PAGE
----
Moreover, Islamic religious practice and legal adjudication was often considerably more pluralistic than would be tolerated by modern states claiming a monopoly over the articulation and enforcement of law. Indeed, to the extent that contemporary Shari‛a has lost a good deal of its previous multivocality and textured interplay of schools of thought and schools of law, that is, ironically enough, partly the legacy of Western colonial administrations that, while claiming (in places such as British India) to defer to religious law in fields such as family law, in fact constructed a body of unified, codified, rules that stripped away much of the diversity, texture, and lived reality of the very body of law that they were claiming to apply.[v] Modern states, even if they are no longer ruled by colonial overseers, cannot, An-Na‛im implies, simply return to the older, more complex, interweaving of public religious authority and religious self-governance that marked the pre-colonial caliphates (p. 284).

An-Na‛im’s most interesting arguments, however, are not so much about either logic or history, though they are related to both, but about the distinct discursive demands of the state and the religious legal community. The central issue here is the very one ignored by both colonial administrators and some contemporary Islamists – legal development. Haider Ala Hamoudi has convincingly demonstrated that even nominally “Islamic republics” such as Iran only apply Shari‛a selectively, and still heavily rely on transplanted Western legal codes,[vi] and that serious Islamic legal scholars in countries such as Iraq have no interest in imposing their elaborate articulations of Shari‛a on the state. One reason, he suggests, is that both state authorities and religious scholars realize that the theoretical structures and forms of argument of traditional religious law are simply unsuited to developing rules of decisions for many complex contemporary commercial and other problems. An-Na‛im nods to this sort of observation. But he is more interested in a sort of reverse argument – that only the separation of state and religious law can give the Islamic religious community the normative space within which to articulate new forms of argument and consensus about the continuing development of Shari‛a (13). There are hints here, of course, of Robert Cover’s distinction between imperial jurispathy and paideic jurisgenesis, though An-Na‛im does not cite Cover’s work.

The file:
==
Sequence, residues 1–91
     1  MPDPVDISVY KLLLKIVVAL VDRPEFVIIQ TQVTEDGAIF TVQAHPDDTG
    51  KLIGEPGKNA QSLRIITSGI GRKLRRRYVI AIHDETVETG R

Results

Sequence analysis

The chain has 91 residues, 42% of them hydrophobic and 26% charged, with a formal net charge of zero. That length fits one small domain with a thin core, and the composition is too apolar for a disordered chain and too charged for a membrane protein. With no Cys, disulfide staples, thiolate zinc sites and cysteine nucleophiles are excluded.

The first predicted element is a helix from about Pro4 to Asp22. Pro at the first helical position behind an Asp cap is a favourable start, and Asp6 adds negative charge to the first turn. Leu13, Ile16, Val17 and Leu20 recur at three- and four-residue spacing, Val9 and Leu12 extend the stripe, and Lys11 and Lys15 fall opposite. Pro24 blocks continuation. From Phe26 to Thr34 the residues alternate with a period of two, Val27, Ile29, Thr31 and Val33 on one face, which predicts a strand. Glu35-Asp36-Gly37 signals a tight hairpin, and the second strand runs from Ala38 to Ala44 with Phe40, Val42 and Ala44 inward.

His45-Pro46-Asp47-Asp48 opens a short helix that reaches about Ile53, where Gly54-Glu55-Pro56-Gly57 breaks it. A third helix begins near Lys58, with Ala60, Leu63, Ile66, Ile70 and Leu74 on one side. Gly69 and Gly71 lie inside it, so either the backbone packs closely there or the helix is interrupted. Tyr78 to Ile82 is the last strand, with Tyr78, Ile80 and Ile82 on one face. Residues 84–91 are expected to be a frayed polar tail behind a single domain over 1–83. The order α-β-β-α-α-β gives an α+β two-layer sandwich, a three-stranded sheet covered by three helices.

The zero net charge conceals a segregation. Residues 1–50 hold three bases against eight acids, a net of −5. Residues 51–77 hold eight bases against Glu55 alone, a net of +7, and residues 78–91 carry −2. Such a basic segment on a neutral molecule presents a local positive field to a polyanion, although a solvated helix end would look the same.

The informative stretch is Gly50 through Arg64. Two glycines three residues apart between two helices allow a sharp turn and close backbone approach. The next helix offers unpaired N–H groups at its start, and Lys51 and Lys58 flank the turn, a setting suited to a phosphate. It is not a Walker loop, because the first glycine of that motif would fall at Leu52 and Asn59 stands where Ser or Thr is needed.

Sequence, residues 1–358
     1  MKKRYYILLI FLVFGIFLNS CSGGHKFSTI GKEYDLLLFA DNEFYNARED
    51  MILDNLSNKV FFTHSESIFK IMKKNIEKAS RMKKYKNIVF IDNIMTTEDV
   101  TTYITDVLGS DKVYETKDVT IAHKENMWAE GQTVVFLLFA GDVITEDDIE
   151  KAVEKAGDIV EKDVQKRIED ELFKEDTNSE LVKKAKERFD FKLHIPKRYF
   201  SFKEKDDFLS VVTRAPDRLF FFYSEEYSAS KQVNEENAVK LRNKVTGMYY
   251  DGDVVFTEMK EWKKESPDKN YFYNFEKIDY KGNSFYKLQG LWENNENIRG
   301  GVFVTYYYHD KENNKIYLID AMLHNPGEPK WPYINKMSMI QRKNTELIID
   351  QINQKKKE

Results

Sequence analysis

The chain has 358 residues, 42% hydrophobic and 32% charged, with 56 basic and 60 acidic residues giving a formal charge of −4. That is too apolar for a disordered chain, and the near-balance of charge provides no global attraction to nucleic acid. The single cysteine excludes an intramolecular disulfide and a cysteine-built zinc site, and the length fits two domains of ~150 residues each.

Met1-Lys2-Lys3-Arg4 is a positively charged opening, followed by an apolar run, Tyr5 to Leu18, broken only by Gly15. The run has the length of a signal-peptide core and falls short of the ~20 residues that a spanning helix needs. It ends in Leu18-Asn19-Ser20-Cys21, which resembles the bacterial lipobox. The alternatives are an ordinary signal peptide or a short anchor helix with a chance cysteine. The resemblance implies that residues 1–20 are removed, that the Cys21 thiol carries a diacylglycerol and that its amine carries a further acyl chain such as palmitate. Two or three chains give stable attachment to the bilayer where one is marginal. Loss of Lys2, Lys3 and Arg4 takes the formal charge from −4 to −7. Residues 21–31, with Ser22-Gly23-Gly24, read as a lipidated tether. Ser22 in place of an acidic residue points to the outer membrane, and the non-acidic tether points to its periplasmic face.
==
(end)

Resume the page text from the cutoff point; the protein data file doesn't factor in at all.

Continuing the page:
These are powerful claims. Nevertheless, as I’ve already suggested, An-Na‛im faces a question that his counterparts in Christendom could avoid: How does an Islamic secular state construct its own legal-normative world? Here, An-Na‛im enters a realm that he himself describes as paradoxical. He wants to separate the state from both religion and religious law. But he does not want to separate religion from society or from public life. His goal is not to privatize faith. Nor does he want to separate religion from politics, whose hustle and bustle of argumentation he distinguishes from the formal mechanisms of state institutions and authority. Muslims can and should participate, as Muslims inspired by Islamic law, in political debate. Yet, in a further dialectical turn, he also suggests that all the participants in that political debate abide by the norms of “civic reason,” which means not grounding their arguments simply in their religious authority or provenance. An-Na‛im is openly unsure about the exact boundaries of “civic reason,” and though he recognizes that “civic reason” closely resembles the notion of “public reason” pressed by John Rawls and others in Western liberal political philosophy, he does not want to collapse one idea into the other. But he is nevertheless committed to the claim that, though Islamic arguments can and should make their way into the political debate of Islamic secular states, they must be articulated in essentially secular terms.